Thursday, November 6, 2008

The 11 Most Criminally Underappreciated Rock Songs

We all have songs that move us, inspire us, and take us to a higher place. And then we wonder, "WHAT??? What do you mean you've never HEARD this song before? That's one of my favorite songs!"

I have a lot of these songs from over the years that I adore, and either they were never released as singles, stuck on albums that sold poorly or were just generally never recognized as being of higher quality than the artists' most well-known songs. Some of these songs are also from bands that I sometimes wonder why nobody liked them as much as me, and "Because they sucked" is not a proper answer, smartasses.

To that end, we've compiled the 11 Most Criminally Underappreciated Rock Songs. The rules for compiling this list are pretty simple, actually. It can't be a song that's featured in even light rotation on any rock radio station. Only one of these songs is featured on a greatest hits album, and frankly, it was a major stretch to put it on the album to begin with considering the fact that I hadn't even heard of the song before until I bought the CD.

The only other rules that apply are either that:
A: It can't be one of the first songs that comes to mind by a popular rock band.


B: You probably haven't even thought of this band in the last eight years. I'd say ten years, but a few of these bands are from my high school years, and I'm just slightly past my 10-year high school reunion. I'm willing to give them a pass in that sense.

That's really about come with us. Slightly underground. But not that far, I suppose.

11. Exit Music (For A Film)--Radiohead
Where You Can Find It--OK Computer (1997)

The more well-known songs by Radiohead: Karma Police, Creep

Why it's Criminally Underappreciated: I love Thom Yorke's solitary acoustic guitar, the creepy organ press, and the massive crescendo to close the song. It sounds almost as if David Gilmour of Pink Floyd dressed in all black and did some peyote with his lover right before kidnapping her in front of her parents. It's a beautiful, haunting song with a buildup bigger than Chinese Democracy but better in virtually every respect.

10. Got No Shame--Brother Cane
Where You Can Find It--Brother Cane (1993)

Why It's Criminally Underappreciated--Brother Cane came out in the heart of the grunge era and wrote this blues-rock gem that was so woefully behind the times, it actually came out ahead. Got No Shame is unabashedly bluesy, borrowing more from Lynyrd Skynyrd and the Allman Brothers than from Nirvana and Pearl Jam. It's heart is stuck in the 1970s, and it's soul is smothered in cream gravy with a side of grits. It just couldn't exist in the hyper-caffeinated sounds of Seattle rock. Brother Cane released a few more albums but were done by 1998. Sadly, that was about the time Seattle rock called it quits too.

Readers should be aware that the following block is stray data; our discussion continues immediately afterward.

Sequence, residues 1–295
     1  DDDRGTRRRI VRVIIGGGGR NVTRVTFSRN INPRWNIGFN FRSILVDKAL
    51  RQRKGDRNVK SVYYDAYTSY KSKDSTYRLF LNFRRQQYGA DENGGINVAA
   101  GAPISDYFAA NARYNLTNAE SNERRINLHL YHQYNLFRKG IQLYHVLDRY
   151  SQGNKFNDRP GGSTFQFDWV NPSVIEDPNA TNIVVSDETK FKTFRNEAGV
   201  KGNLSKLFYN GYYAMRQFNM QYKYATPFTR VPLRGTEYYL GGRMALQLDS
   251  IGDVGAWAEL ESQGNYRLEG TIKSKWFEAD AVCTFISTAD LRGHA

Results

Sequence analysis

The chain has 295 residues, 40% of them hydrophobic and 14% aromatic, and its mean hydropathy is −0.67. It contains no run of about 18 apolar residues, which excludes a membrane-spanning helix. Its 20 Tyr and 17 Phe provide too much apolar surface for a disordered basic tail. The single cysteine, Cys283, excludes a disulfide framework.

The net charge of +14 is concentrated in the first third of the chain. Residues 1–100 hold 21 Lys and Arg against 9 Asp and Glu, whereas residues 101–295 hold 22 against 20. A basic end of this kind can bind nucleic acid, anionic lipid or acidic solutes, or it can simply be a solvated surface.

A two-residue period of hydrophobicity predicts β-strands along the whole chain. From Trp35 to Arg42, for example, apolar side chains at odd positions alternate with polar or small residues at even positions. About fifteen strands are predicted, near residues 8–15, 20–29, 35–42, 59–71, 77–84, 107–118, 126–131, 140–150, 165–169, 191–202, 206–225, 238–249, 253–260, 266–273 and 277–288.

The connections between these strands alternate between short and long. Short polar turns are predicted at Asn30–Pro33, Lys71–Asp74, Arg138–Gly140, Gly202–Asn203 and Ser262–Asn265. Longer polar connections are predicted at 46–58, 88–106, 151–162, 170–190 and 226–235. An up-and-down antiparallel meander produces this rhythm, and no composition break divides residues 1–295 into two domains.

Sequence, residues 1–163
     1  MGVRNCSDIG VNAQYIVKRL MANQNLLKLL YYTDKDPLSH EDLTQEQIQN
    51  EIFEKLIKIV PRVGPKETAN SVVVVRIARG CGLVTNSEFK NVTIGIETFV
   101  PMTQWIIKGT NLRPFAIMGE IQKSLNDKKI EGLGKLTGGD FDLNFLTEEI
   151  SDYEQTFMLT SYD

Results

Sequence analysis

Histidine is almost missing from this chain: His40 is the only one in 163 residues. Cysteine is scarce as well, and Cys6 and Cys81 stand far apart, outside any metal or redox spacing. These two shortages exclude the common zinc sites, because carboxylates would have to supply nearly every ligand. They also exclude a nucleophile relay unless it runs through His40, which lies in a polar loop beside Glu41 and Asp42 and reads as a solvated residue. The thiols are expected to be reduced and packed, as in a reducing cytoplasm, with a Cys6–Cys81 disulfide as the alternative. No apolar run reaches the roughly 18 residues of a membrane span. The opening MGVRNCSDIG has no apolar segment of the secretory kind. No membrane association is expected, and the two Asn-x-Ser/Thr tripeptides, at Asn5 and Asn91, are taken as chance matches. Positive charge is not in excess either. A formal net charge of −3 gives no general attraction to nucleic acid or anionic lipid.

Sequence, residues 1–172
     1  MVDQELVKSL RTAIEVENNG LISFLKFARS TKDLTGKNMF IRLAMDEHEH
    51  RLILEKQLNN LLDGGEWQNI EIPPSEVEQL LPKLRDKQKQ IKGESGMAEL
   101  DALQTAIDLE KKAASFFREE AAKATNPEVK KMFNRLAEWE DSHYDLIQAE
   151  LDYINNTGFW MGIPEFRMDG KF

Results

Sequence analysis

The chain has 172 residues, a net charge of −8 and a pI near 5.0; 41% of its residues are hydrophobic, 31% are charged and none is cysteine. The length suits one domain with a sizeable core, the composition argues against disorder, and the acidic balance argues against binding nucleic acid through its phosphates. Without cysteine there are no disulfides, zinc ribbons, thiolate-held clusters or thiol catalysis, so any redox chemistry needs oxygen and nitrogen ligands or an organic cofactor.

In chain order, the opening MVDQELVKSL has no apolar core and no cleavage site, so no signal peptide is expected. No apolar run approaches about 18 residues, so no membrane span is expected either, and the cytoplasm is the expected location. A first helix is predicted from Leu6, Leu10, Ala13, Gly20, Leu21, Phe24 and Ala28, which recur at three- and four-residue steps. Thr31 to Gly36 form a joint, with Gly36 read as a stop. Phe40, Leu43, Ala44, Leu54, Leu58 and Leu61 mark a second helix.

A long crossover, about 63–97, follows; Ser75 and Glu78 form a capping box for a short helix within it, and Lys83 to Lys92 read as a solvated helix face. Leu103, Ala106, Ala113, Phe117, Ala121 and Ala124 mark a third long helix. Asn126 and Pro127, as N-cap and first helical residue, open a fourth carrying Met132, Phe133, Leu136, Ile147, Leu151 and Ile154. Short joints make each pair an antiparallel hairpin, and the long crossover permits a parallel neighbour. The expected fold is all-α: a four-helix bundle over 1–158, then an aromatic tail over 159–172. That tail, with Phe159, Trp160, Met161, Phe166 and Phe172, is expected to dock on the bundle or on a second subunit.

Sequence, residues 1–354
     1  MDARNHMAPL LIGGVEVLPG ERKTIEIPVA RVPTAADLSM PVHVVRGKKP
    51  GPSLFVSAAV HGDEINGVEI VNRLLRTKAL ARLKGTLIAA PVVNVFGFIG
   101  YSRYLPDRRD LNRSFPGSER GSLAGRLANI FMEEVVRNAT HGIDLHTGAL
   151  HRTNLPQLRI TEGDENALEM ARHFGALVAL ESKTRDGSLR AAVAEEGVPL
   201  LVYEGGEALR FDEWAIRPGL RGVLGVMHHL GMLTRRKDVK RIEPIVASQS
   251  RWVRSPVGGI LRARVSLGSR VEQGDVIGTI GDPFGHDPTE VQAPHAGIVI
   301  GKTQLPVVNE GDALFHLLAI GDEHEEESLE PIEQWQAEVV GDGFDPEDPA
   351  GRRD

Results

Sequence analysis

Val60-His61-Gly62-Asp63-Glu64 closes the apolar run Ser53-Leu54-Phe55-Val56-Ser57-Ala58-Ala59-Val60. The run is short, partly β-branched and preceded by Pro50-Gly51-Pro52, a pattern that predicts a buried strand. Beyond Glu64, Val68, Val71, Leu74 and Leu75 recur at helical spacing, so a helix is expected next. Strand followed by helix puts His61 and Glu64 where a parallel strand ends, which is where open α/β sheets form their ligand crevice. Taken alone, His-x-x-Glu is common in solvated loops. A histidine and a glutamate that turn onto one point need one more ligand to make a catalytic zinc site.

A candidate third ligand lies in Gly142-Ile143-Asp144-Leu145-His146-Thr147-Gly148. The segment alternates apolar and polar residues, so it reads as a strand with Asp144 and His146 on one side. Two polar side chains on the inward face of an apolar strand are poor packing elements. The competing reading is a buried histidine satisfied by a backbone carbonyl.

9. Plowed--Sponge
Where Can You Find It--Rotting Pinata (1994)

Why It's Criminally Underappreciated: I haven't the faintest idea why this song, and this band, didn't do better than it did even in hindsight. Some songs like "What I Like About You" by the Romantics didn't score as well on the charts when they first came out, but gained in popularity as the years progress. I'm surprised this didn't follow suit. Plowed is chock-full of raging sonic energy full of frenetic bombast. Or more simply put: It kicks a metric ton of ass. The only thing I can possibly figure is that Sponge came out at a time when rock music had sorta lost an edge. Kurt Cobain had just committed suicide right around the time this song came out. I'm convinced rock n' roll lacked the frantic energy that this song possesses, and Plowed at the time was like watching a 5-year-old with ADD run around at a funeral.

8. Drop--Blue October
Where You Can Find It--Consent To Treatment (2000)

The more well-known songs by Blue October: Hate Me, Calling You, Into The Ocean

Why It's Criminally Underappreciated: Actually, the entire Consent To Treatment album fits the bill perfectly. This album came out during one of the absolute worst periods in popular music. It was an era of boy bands and Britney, rap rock and generic schlock. And here came Blue October straight out of the Houston Heights and the San Marcos River, cranking straight-forward rock music with a violin. They were emo with a sneer, and sang about sex, drugs and the saving graces of rock n' roll with a deafening force. Consent To Treatment is, in my opinion, the best album of this decade, but in 2000 no one seemed to care. The music scene eventually caught up to them, and in 2006, they became the toast of alternative rock with the Foiled album. But this is their forgotten masterpiece, and Drop is the single that, to me, defines the album.